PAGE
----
Children are especially vulnerable to radiation from cell phones. (Photo: mfajardo)
Cell phones may be hazardous to your health. The science is inconclusive but some states want to require warning labels on cell phones. David Carpenter is director of the Institute for Health and the Environment at the University at Albany. He tells host Jeff Young about research that shows a link between cell phone use and cancer.
YOUNG: From the Jennifer and Ted Stanley Studios in Somerville, Massachusetts – this is Living on Earth. I’m Jeff Young. 45years ago, cigarette packages started carrying a label warning that smoking may be hazardous to your health. Cell phones could be next.
Lawmakers in Maine and California are considering some sort of label on cell phones – or the packaging they come in – warning of possible health risks. The science around cell phone use is still emerging and assessment of a health risk is highly controversial. The National Cancer Institute says there is not evidence of a health threat. But some public health advocates like Dr. David Carpenter say there’s enough information to warrant caution and warning labels. Dr. Carpenter directs the Institute for Health and Environmental Safety at the University at Albany. Welcome to Living on Earth.
CARPENTER: Thank you very much.
YOUNG: Now, when I got my new cell phone, the pamphlet that came with it had some interesting fine print. It says, keep the device at least point nine eight inches from your body when the device is turned on and connected to a wireless network. What’s that about?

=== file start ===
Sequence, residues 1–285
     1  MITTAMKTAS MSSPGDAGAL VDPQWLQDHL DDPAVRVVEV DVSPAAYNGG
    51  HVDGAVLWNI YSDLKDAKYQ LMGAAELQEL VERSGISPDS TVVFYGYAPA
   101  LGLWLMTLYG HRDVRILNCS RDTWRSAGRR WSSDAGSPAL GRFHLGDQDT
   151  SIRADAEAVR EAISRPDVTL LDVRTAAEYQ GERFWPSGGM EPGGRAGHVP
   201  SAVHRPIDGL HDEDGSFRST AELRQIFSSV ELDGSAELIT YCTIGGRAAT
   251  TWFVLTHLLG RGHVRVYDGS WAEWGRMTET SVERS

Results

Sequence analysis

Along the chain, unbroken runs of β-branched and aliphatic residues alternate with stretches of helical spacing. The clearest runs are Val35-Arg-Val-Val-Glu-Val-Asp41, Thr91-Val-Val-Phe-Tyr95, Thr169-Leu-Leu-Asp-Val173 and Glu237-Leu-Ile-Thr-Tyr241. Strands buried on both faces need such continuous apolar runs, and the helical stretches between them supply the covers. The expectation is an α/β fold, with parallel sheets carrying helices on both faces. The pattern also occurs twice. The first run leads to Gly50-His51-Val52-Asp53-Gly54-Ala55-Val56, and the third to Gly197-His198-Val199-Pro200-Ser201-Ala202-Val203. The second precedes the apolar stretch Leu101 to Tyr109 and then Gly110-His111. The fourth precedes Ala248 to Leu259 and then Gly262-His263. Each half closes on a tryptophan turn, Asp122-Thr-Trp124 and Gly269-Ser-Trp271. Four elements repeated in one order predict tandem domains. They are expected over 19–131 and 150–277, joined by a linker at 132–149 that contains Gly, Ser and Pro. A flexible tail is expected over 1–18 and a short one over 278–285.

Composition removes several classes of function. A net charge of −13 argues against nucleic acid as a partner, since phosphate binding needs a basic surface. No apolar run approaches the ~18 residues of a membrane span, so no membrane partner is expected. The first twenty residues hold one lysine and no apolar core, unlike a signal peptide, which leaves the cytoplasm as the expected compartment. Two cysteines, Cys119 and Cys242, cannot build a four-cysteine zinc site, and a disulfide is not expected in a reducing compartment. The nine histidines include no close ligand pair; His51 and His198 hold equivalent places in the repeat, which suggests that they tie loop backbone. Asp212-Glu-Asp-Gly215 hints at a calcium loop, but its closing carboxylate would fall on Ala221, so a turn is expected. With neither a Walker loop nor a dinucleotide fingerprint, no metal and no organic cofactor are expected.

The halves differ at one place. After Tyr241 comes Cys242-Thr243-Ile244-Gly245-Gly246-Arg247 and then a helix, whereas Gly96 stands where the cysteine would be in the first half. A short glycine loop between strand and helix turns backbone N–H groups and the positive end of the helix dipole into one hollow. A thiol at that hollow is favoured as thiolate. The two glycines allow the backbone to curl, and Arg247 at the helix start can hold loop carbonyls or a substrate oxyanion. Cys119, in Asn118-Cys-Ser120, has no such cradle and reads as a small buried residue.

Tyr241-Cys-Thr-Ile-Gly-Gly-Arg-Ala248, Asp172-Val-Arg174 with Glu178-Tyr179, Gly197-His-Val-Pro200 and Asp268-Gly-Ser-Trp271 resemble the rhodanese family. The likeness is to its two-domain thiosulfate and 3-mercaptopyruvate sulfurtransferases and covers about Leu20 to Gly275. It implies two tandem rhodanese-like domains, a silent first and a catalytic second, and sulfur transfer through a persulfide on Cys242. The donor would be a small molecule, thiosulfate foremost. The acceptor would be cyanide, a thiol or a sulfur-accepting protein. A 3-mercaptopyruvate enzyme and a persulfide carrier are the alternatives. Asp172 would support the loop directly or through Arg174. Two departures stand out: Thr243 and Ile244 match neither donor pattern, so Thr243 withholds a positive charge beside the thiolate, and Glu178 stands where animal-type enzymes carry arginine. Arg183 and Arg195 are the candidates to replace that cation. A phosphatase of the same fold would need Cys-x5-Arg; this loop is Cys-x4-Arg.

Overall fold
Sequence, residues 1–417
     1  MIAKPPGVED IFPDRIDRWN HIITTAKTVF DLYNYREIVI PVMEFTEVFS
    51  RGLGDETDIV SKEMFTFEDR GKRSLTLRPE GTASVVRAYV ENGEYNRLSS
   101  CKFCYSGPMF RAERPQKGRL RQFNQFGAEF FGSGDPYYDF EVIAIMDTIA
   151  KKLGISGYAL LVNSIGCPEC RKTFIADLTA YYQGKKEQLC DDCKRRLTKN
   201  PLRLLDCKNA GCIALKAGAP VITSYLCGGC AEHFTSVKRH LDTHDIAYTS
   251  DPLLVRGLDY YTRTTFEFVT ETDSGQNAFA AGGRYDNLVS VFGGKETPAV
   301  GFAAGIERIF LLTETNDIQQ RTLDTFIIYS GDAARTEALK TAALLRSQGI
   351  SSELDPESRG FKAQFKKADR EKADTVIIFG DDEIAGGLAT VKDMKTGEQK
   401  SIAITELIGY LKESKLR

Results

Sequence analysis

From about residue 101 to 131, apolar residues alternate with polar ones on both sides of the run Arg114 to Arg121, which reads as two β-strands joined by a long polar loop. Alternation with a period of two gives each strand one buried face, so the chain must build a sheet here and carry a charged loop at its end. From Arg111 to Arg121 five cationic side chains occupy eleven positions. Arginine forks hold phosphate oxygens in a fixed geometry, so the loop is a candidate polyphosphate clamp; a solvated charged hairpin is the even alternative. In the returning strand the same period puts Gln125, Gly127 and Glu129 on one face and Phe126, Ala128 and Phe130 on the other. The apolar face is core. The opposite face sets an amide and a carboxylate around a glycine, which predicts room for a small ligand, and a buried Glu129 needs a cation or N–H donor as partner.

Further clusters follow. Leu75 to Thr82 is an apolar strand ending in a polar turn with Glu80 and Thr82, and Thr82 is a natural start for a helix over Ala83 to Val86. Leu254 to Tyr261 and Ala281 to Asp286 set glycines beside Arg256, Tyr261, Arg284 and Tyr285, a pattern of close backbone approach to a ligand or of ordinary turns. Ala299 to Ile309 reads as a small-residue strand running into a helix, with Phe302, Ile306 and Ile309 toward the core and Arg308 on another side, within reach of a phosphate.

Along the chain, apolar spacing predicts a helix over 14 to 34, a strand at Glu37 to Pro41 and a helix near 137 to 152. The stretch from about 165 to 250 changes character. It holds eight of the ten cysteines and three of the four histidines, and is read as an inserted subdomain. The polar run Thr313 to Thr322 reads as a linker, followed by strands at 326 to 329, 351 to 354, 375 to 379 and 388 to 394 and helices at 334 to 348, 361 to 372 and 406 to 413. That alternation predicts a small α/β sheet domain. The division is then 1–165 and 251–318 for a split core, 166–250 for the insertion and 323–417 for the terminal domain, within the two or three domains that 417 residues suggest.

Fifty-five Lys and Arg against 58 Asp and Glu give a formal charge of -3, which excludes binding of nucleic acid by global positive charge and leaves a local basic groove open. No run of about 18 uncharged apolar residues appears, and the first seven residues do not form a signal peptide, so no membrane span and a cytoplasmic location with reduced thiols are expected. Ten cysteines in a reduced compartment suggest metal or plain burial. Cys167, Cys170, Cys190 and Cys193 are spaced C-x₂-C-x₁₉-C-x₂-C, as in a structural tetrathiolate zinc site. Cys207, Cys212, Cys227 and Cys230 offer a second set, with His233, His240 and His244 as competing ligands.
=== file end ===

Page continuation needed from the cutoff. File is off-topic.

Dr. David Carpenter is Director of the Institute for Health and Environment at the University at Albany. (Courtesy of David Carpenter)
CARPENTER: That says that if you have your cell phone too close to your body, you may get dangerous levels of radio frequency radiation, but it is an indication that the manufacturers of cell phones realize that there’s a potential threat by holding them too close to your head.
YOUNG: Why point nine eight inches?
CARPENTER: They’re dealing with specific absorption rate, or SAR, and that’s the regulatory standard and it’s based on the intensity of radio frequency radiation that would cause tissue heating. Cell phones use basically microwaves, it’s the same kind of radiation that cooks your potato in the oven, and you don’t really want to cook your brain while you’re talking on your cell phone.
YOUNG: So, what does the research show us about possible health risks from using a cell phone?
CARPENTER: There’s increasingly strong evidence that adults that have used a cell phone intensively for ten or more years are at significantly greater risk of getting a brain tumor, but only on the side of the head where they use the cell phone. And some evidence for cancer of the salivary gland that’s in the cheek. Again, only on the side of the head where the individuals use the cell phone. Now, what’s really frightening is research that was just published a few months ago from Sweden that shows if you’re under the age of 20 when you begin to use a cell phone, the risks are five times greater than if you start as an adult.